CDC advisers back broad rollout of new COVID boosters
A panel of advisers to the Centers for Disease Control and Prevention backed the broad use of new COVID-19 vaccines, as cases of the respiratory illness rise.
The advisers voted 13-1 to recommend the vaccines for people ages 6 months and older. While the benefits appear to be greatest for the oldest and youngest people, the benefits of vaccination exceed the risks for everyone, according to a CDC analysis.
The universal recommendation, as opposed to one that applies to selected groups, could ease the rollout of the vaccine and improve access and equity.
"Let's keep America strong, healthy," said Dr. Camille Kotton, a panel member who voted in favor of the recommendation and who is an infectious disease specialist at Harvard Medical School. "Let's do away with COVID-19 as best we can by prevention of disease through vaccines. Let's make things clear."
The Food and Drug Administration gave the go-ahead to vaccines from Moderna and Pfizer-BioNTech Monday. A new vaccine from Novavax is under FDA review and may be approved soon.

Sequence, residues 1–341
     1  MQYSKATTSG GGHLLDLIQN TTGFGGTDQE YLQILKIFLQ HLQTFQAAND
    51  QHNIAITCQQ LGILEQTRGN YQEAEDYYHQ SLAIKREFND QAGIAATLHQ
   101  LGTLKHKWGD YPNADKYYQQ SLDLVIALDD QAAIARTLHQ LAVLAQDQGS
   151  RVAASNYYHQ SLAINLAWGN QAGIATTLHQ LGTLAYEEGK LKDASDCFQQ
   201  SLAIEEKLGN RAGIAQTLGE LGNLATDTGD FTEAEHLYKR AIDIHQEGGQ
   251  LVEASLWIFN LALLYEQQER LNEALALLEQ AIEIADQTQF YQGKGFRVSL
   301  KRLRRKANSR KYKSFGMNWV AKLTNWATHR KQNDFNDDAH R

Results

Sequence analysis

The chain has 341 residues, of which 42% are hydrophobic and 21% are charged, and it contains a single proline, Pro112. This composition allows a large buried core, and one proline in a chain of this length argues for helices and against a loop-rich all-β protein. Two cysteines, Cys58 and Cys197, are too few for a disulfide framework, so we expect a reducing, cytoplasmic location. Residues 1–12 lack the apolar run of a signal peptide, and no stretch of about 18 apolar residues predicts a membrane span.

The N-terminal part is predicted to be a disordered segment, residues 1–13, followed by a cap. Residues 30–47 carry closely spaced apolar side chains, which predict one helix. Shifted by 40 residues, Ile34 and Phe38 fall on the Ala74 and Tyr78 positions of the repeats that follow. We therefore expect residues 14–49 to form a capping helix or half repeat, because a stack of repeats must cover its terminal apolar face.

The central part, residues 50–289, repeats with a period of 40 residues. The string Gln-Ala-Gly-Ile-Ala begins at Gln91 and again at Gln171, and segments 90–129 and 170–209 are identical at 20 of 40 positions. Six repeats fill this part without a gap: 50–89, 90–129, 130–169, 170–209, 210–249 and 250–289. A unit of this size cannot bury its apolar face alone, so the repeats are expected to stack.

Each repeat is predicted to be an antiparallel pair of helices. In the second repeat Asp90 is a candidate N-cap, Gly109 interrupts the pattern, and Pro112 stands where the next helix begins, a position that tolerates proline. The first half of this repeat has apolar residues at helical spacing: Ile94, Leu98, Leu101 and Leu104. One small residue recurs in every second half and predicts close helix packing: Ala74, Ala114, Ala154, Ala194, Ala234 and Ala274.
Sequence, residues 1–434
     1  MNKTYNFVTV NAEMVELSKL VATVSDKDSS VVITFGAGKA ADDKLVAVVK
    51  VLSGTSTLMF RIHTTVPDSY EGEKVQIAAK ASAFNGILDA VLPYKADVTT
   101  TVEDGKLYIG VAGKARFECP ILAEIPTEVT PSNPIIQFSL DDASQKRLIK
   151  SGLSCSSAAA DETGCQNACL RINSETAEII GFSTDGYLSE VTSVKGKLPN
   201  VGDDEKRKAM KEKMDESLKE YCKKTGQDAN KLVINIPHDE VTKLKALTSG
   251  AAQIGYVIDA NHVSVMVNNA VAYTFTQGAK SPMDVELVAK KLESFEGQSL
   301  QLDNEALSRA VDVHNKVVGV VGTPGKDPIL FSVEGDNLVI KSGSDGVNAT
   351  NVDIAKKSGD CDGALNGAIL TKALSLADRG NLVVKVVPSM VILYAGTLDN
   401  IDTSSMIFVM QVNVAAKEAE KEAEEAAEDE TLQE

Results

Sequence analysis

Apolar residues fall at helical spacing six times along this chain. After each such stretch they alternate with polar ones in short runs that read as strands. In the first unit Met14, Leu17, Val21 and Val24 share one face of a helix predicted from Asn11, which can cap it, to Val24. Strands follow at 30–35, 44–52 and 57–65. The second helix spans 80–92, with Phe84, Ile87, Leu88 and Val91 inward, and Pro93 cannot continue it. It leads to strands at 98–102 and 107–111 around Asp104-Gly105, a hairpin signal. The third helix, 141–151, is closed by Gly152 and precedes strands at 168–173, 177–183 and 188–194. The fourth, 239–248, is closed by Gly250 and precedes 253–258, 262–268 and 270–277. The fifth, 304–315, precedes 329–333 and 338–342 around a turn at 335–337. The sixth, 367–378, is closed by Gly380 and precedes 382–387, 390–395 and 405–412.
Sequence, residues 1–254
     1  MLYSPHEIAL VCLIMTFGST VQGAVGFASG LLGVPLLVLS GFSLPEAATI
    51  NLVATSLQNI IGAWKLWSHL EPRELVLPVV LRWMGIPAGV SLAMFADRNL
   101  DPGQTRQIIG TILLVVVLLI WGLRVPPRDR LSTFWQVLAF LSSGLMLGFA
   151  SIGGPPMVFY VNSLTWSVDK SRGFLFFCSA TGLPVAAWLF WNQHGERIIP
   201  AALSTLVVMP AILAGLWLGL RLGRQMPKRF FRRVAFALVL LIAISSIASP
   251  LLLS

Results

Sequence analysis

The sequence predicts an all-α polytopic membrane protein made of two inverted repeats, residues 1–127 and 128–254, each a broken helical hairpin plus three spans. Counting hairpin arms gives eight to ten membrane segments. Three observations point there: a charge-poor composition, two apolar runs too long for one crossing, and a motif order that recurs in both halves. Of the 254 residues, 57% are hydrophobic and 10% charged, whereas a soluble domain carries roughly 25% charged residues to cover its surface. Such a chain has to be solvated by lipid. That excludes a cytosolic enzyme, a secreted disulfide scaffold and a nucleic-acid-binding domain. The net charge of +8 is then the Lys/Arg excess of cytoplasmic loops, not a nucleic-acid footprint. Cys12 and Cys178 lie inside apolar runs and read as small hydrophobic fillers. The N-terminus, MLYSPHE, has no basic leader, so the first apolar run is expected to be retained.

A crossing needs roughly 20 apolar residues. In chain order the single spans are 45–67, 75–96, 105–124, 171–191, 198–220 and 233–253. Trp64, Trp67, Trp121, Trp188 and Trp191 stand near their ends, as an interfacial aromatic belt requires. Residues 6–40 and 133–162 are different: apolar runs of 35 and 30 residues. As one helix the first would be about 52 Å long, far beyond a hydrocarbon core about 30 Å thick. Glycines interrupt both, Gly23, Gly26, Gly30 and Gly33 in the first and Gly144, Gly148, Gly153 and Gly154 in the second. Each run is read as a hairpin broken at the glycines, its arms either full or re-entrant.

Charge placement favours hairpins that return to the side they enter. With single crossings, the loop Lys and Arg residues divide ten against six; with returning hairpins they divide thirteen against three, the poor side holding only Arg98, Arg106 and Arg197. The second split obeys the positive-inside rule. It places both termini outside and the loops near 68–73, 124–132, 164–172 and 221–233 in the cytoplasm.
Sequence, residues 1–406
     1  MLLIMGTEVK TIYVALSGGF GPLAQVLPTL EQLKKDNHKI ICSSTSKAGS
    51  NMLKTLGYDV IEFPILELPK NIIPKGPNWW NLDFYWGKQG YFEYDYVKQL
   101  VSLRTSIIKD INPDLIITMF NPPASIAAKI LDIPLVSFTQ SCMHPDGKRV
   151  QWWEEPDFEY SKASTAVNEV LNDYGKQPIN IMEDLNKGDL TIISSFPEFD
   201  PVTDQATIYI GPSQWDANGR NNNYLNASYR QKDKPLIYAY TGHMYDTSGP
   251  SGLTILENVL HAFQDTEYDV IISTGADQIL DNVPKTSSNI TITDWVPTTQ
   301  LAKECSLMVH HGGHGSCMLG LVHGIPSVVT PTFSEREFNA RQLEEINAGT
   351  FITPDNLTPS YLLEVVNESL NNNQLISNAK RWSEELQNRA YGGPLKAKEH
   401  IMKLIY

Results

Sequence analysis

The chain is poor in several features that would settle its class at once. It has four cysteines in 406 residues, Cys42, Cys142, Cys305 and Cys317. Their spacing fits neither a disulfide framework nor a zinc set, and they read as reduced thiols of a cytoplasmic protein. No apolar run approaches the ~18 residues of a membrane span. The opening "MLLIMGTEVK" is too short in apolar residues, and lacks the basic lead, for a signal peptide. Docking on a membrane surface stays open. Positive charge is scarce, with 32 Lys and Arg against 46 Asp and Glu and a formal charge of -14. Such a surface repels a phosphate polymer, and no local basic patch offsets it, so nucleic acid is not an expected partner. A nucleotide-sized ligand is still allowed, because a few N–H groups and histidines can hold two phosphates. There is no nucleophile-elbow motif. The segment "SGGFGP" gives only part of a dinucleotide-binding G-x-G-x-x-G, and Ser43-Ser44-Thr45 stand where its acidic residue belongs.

The new vaccines target a much more recent variant of the omicron strain called XBB.1.5 that was selected by the FDA in June for use in formulating new vaccines. The idea, akin to how flu vaccines are made, is to match a seasonal vaccine to the virus that is infecting people.
Since the FDA's decision, other variants have overtaken XBB.1.5, but laboratory data suggest the new vaccines should provide good protection against COVID-19, including serious illness, hospitalization and death. The new shots can bolster immunity from previous vaccinations and COVID illness.
Late Tuesday afternoon, the CDC accepted the recommendation of its advisers. "We have more tools than ever to prevent the worst outcomes from COVID-19," said CDC Director Mandy Cohen. "CDC is now recommending updated COVID-19 vaccination for everyone 6 months and older to better protect you and your loved ones."
The new shots could become available as soon as Wednesday in some parts of the country. They're not technically free anymore, but for most people insurance will pay for them. The federal government will make the shots available for the uninsured at no cost.
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